The Volcanoes


The active volcano occurs when molten rock (magma) reaches the land surface by a vent or crack in the insolence. The volcanic activity can affect the prominence of lava on the surface of the earth and the forcing out of ash and solid rock and the release of water vapor or sulfur dioxide or carbon dioxide (gas).

The Volcano

The volcanoes generally happen near plate edges where the gesture of the plates has produced cracks in the lithosphere by which the magma can run. Around 80 % of volcanoes happen at focused plate edges where sub ducted material rises and melts by cracks in the crust of earth. The Cascade Range was formed in this method. The volcanoes can be classified according to the kind and form of their ejected system. The fundamental types are: - the composite volcanoes, the shield volcanoes, the cinder cones and the lava attics.


    

The composite volcanoes are steep rooted, the symmetrical cones made of multiple levels of viscous ash and lava. Many composite volcanoes have a volcanic crater at the summit which contains the middle outlet. The lavas flow from breaks in the volcanic crater surround or by cracks on the wings of the conoid.


Types of volcanoes

The shield volcano

The shield volcanoes are built almost wholly of extremely fluid (low viciousness) lava runs and they form slowly from several flows that spread out over a broad region from a central outlet. The consequent structure is a wide, softly sloping cone with a visibility like a warrior's screen.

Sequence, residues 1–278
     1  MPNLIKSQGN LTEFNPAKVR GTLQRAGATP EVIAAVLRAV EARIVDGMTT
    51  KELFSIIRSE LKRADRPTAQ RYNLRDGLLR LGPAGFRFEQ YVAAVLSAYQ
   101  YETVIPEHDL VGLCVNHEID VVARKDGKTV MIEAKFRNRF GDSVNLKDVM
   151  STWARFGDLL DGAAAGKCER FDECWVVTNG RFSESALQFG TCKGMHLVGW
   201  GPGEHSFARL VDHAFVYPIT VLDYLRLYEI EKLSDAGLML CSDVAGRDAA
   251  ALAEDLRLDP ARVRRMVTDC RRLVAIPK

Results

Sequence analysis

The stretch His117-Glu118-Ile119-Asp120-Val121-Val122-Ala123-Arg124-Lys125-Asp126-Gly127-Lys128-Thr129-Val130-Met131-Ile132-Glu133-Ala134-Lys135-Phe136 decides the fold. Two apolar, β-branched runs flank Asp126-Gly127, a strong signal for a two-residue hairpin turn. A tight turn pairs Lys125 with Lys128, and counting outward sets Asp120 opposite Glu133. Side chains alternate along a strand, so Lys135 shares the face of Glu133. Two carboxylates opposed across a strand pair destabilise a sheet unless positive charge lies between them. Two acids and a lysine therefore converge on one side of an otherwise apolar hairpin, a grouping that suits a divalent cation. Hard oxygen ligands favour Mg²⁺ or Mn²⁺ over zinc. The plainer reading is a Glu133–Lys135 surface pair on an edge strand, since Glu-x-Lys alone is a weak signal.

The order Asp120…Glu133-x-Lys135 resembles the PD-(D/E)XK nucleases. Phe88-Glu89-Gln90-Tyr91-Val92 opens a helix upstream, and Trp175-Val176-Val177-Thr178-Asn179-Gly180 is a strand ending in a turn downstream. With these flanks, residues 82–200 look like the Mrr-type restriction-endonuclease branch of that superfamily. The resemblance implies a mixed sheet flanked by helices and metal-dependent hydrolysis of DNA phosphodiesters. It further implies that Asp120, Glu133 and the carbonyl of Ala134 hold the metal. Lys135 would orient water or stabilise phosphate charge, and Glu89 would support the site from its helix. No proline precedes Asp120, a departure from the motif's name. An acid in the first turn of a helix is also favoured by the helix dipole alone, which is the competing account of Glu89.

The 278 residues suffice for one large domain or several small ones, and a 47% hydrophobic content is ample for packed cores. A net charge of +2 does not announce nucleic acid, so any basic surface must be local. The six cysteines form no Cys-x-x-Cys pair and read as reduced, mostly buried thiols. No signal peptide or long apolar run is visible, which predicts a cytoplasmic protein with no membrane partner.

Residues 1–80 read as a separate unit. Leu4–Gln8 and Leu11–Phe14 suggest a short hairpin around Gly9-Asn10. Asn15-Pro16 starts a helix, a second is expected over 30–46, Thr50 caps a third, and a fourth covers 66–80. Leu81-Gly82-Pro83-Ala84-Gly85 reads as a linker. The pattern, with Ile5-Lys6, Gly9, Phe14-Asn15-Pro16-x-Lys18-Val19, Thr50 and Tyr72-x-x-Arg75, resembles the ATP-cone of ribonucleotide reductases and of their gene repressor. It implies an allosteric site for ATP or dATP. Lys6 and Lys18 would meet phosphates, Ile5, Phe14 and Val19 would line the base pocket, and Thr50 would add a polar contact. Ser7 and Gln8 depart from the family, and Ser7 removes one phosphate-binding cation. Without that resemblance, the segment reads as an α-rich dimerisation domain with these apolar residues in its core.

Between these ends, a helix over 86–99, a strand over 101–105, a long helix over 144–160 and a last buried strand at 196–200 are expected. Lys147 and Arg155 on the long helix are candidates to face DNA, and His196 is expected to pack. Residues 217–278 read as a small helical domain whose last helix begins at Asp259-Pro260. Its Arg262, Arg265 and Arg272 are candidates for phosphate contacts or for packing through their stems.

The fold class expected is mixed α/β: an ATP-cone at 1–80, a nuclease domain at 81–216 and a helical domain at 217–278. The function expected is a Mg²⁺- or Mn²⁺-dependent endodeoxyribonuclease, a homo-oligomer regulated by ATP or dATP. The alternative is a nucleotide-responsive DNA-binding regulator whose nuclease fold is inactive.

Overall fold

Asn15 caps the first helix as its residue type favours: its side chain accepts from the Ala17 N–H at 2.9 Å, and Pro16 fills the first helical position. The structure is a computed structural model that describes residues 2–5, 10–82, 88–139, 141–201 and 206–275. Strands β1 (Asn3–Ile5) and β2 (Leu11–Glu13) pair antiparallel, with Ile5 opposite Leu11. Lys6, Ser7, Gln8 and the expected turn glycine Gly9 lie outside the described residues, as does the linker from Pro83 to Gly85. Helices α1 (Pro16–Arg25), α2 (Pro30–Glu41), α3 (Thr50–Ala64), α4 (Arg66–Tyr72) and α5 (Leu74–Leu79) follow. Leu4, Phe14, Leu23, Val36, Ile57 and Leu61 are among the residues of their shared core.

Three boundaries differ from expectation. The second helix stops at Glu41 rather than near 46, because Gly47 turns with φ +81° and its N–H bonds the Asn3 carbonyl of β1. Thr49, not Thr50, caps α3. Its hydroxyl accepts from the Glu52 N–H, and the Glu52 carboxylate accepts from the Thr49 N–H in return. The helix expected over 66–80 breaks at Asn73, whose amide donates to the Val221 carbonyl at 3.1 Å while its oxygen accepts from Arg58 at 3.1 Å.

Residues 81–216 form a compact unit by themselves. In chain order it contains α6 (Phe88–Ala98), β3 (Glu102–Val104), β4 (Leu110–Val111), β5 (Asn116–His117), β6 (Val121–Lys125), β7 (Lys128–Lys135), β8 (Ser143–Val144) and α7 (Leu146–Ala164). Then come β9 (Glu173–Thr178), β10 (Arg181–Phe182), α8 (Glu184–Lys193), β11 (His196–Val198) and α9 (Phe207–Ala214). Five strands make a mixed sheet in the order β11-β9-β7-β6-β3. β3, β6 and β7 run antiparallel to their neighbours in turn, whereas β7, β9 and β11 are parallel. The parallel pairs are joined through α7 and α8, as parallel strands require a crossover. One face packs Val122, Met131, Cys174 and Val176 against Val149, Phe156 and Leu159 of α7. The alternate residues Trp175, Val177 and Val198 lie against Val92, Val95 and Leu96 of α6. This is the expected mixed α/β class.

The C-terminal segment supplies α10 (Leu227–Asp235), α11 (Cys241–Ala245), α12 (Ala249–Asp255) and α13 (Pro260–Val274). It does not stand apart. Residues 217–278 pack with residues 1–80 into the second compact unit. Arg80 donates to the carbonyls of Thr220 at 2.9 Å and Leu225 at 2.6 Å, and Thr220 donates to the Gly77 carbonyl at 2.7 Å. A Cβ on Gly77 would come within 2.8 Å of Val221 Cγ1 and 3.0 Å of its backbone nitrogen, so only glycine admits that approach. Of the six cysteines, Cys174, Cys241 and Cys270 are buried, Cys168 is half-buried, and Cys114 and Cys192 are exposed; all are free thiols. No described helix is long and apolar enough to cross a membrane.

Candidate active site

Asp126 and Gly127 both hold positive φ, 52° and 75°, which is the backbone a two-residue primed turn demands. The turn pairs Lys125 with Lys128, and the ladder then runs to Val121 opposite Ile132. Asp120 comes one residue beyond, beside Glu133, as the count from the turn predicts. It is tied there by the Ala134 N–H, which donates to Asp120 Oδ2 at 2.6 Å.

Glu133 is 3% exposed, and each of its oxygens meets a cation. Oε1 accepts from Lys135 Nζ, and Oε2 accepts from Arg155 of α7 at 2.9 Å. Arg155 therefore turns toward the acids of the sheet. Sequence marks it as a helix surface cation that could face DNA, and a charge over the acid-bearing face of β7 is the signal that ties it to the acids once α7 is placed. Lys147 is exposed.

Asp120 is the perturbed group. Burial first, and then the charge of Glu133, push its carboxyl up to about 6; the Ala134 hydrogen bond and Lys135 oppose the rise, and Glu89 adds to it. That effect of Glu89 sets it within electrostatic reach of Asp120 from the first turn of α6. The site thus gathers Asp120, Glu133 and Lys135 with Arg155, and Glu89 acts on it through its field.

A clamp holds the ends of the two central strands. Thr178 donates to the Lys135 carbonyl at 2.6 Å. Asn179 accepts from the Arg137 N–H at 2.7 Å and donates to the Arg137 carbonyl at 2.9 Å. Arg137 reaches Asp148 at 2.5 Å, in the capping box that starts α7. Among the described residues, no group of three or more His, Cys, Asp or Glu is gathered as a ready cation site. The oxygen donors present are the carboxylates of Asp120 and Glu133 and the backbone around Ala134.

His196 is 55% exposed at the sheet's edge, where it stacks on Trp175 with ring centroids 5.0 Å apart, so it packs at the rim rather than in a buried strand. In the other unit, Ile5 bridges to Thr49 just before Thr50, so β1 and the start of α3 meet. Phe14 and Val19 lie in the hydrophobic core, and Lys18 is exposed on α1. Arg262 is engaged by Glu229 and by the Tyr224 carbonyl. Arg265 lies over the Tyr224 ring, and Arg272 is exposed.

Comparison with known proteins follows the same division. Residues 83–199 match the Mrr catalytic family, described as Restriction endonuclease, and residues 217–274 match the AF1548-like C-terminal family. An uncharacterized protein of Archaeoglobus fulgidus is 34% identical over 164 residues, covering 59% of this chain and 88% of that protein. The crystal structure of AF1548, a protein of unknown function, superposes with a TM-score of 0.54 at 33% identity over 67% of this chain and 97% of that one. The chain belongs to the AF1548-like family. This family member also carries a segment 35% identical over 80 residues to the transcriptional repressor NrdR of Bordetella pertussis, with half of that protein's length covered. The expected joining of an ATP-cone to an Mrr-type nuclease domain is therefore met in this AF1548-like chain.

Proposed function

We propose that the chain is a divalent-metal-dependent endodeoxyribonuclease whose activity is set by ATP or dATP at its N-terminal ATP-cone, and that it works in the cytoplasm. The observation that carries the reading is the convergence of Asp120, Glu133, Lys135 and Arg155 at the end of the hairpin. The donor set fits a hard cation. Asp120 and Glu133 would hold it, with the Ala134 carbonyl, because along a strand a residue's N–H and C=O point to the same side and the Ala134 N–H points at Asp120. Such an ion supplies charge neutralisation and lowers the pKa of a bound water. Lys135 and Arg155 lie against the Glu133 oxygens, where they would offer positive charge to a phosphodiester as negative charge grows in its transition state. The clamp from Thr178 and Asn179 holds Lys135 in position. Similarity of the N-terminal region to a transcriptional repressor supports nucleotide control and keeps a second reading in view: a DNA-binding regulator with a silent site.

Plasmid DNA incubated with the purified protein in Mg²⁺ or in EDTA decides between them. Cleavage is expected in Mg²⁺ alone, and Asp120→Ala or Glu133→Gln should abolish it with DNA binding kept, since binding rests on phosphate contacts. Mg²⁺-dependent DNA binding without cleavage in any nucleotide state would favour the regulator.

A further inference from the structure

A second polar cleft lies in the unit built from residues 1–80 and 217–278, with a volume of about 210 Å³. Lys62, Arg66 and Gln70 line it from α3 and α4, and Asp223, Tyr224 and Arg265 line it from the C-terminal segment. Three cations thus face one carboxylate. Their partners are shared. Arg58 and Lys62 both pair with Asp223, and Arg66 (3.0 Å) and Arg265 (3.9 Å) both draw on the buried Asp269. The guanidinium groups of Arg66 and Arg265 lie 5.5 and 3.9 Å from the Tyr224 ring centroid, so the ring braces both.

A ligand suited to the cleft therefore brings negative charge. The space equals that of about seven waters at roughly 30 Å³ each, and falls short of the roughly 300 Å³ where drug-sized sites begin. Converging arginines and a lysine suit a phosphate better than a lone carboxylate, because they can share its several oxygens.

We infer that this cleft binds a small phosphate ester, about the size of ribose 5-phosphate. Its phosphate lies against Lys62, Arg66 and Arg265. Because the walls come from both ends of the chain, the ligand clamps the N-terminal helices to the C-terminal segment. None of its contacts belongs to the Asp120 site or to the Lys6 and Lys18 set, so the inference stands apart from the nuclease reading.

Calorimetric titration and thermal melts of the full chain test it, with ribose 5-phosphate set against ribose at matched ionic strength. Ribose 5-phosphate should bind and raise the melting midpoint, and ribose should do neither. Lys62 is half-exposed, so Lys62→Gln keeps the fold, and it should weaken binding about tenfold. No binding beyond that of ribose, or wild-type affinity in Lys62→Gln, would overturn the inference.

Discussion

The cinder volcano

The cinder cones are the easiest kind of volcano (vent). The cinder cone forms once the lava blown violently into the region separates into small breaks up those solidify and fall as clinkers. The steep sided cone figure is formed just about the volcano with a volcanic crater at the height. The sunset volcanic crater in Arizona is a clinker cone that made less than 1000 yrs past cutting off the lives of the domestic inhabitants of the area.

The lava volcano

The lava domes are made once extremely viscous lava is squeezed out from a volcano and forms a circled, steep sided attic and lava collects around and on the volcano rather than flowing off, generally growing by enlargement from inside. The lava domes generally occur within the volcanic crater or on the flanks of composite vents.






Next Chapters

Conservation of Energy
Oxygen
Organism, Bacteria and Virus
Atom
Energy & its Types
The Volcanoes
Rock Cycle
Minerals
Food Resources
Water
Population
Renewable Sources of Energy
Pollution
Irrigation and Types of Irrigation
Population Growth
Non-renewable Sources of Energy
Ozone Depletion
Soil Erosion
   

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